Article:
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Review: QUEEN OF BASEL at TheaterWorks In Hartford

Review: QUEEN OF BASEL at TheaterWorks In Hartford

This strong production runs through February 26.

How one responds to Hilary Bettis' Queen of Basel may have much to do with one's opinion of its source material: August Strindberg's 1888 Miss Julie. Famed for its ground-breaking naturalism and its interrogation of class, and gender, Miss Julie is, for this reviewer, a piece that derives its interest largely from its place in theater history.

For playwrights, though, Strindberg's script provides an appealing vehicle for revision and updating: numerous such versions have been mounted, set at numerous historical turning points, with varying success. Queen of Basel doesn't quite manage to find an original and pressing context, and Bettis-clearly a gifted writer of dialogue-is, based on this play, not as gifted in terms of constructing a plot; unfortunately, she has this in common with Strindberg. However, her play is receiving an excellent production at TheaterWorks in Hartford, under the direction of Cristina Angeles. Due to strong performances from its three-person cast and the work of stunning designers, Queen of Basel manages to be riveting in the moment and thought-provoking, if not always in the best way, long after.

Bettis' play is set in Miami during its yearly Art Basel, a celebration of Modern and contemporary art from five continents, shown during the course of a week at an enormous convention center. Those who come from all over the world as viewers are Bettis' version of Strindberg's aristocracy, and the workers who serve the wealthy at their soirees are attempting to climb up from the lower class. Julie, through her father, is a member of the former, and Christine, an immigrant waitress, and her fiancée, John, an Uber driver with dreams, represent the latter. The action of the play concerns each one's fight for survival-not in Strindberg's literal sense, but in the more figurative sense of slaying the demons in their pasts, in themselves, and in each other, demons that could destroy their self-esteem and autonomy.

We first meet Julie, daughter of the hotel magnate who is hosting an Art Basel bacchanal, as she is being guided, or dragged, into a storage kitchen by waitress Christine, who has accidently spilled gin all over Julie's designer gown. The two women apologize to each other, and Julie clumsily attempts to erase the class chasm between them until John arrives, at Christine's behest, to take Julie home before the disheveled trophy lands in the tabloids. With John's appearance, the action transforms into a triangle: an unsteady, untrustworthy, and exciting configuration in drama.

Since Christine must leave to work for long stretches, this potentially interesting triangle becomes, as in Strindberg's play, mostly a two-person battle between John and Julie, fueled by numerous motivations. Because of Bettis' writing, they hit the issues of class, ethnicity, and gender too hard, and one also wonders why John stays around, especially since he tells Julie early and often that his car-his "livelihood"-will be towed unless she gets in it. However, even as we watch the proverbial guns on the mantlepiece get put there, due to the performances, we can't look away.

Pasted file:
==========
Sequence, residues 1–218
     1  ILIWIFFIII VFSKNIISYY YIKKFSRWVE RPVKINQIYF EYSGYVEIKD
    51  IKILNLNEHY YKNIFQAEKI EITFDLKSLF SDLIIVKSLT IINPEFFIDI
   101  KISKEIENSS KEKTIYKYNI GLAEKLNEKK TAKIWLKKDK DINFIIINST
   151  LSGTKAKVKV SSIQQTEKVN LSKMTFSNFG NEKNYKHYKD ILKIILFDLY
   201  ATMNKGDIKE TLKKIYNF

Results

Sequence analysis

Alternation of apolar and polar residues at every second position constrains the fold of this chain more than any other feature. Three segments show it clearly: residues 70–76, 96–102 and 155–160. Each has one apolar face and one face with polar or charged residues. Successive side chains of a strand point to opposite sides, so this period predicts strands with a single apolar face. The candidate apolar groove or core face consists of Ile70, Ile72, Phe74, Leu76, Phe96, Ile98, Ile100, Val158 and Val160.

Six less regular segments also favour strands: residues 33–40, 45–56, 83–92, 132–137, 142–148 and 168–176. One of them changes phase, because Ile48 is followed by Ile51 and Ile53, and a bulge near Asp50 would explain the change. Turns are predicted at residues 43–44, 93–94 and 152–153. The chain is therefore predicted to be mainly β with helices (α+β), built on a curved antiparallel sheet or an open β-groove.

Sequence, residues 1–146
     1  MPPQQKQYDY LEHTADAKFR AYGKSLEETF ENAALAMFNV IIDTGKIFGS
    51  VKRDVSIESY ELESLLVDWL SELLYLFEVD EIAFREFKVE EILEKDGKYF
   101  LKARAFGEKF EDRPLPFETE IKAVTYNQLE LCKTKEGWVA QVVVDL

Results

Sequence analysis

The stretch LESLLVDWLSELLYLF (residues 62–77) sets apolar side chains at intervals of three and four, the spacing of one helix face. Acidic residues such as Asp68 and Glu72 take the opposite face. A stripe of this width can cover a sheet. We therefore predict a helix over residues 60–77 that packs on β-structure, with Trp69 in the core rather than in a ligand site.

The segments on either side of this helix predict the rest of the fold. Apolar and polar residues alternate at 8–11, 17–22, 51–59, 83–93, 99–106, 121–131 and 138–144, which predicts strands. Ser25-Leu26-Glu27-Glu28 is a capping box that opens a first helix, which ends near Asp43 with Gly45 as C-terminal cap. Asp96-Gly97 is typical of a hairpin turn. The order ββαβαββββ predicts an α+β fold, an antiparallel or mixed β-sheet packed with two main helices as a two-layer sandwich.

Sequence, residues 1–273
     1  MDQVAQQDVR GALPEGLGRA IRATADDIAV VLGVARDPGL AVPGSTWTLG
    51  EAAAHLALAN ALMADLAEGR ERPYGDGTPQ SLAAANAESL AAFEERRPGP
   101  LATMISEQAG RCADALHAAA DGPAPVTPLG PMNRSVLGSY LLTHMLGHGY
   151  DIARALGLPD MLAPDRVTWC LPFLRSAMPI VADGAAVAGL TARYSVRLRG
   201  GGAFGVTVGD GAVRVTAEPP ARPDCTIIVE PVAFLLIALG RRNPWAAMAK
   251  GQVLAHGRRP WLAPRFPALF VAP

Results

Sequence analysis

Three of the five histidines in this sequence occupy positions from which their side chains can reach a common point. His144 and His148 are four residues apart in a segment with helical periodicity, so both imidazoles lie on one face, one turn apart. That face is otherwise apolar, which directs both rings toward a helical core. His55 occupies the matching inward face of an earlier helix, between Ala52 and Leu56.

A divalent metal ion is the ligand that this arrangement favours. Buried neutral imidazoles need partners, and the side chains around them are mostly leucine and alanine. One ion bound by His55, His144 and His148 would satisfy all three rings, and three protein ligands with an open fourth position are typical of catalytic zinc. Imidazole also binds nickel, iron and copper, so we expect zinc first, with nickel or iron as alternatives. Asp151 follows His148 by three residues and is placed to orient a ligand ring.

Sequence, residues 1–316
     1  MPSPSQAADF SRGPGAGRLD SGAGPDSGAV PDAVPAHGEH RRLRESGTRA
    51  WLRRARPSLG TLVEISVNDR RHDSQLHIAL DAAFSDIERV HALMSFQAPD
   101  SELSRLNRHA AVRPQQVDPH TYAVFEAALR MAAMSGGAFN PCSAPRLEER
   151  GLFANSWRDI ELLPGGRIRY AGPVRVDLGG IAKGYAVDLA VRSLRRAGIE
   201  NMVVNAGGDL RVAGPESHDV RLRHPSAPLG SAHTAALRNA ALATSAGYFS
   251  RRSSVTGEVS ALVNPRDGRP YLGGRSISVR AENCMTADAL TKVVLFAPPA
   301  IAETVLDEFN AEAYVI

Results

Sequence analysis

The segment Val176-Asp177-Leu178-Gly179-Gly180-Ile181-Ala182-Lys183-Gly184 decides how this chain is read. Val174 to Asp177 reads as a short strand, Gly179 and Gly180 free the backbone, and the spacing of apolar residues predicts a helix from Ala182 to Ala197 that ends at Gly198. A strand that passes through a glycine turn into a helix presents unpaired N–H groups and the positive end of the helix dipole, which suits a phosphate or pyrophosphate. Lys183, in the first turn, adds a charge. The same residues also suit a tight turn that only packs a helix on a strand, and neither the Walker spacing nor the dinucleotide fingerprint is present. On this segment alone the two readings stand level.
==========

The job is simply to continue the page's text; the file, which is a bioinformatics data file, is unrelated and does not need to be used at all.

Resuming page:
Christine Spang is a volatile, alluring, and appropriately untrustworthy Julie. Tall and charismatic, Spang commands the stage even when her Julie allows us, and very occasionally John, to see her false bravery beginning to shred. One wishes director Cristina Angeles had guided Spang towards more nuance, especially in terms of voice; Julie should have the quality of a panther, alternately creeping up on her prey in silence, and pouncing; Angeles seems to have forgotten how frightening an intentionally quiet tone can be. However, Spang's take on the character is believable and fascinating.

As John, Kelvin Grullon could use more of Spang's tension and volatility. Angeles' choice to have John play it cool much of the time adds some much-needed humor, and Grullon's suavity is appealing. Still, we should feel real danger crackle between these two, and instead we never quite believe that John is not only a match for Julie but potentially a man who can and would take her down, in more ways than one.

Despite her shorter stage time, Silvia Dionicio, as Christine, provides the true danger in this production. Some of this is in the writing, as Christine possesses the hardest-hitting and deepest internal and external conflicts. However, we feel the character's emotions most acutely because of Dionicio's bravura ability to hide them. Dionicio plays a Christine who is a cipher, even to John, and it is her ability to turn on a dime that finally gives the play its greatest power.

As is usually the case with TheaterWorks, the design elements are superb. Rodrigo Escalante's set design is the definition of realism: the moment we see this gray-hued, unused kitchen-a working sink, a filthy floor, and stacked boxes against every available wall space-we are drawn into the claustrophobic world of the play. Harry Nadel's costumes tell the story of each character flawlessly, especially in the case of Christine's uncomfortably tight, short, sexually degrading uniform. Emma Deane lights the action with precision, and the sound design, by Germán Martínez, keeps us aware of the party upstairs while never interfering with the actors' diction: a neat trick.

Though imperfect, Queen of Basel provides a compelling evening of theater, and audiences will be talking about each character's grief-driven struggles, and about various connections to our time, long after the lights come up.

Photo Credit: Mike Marques

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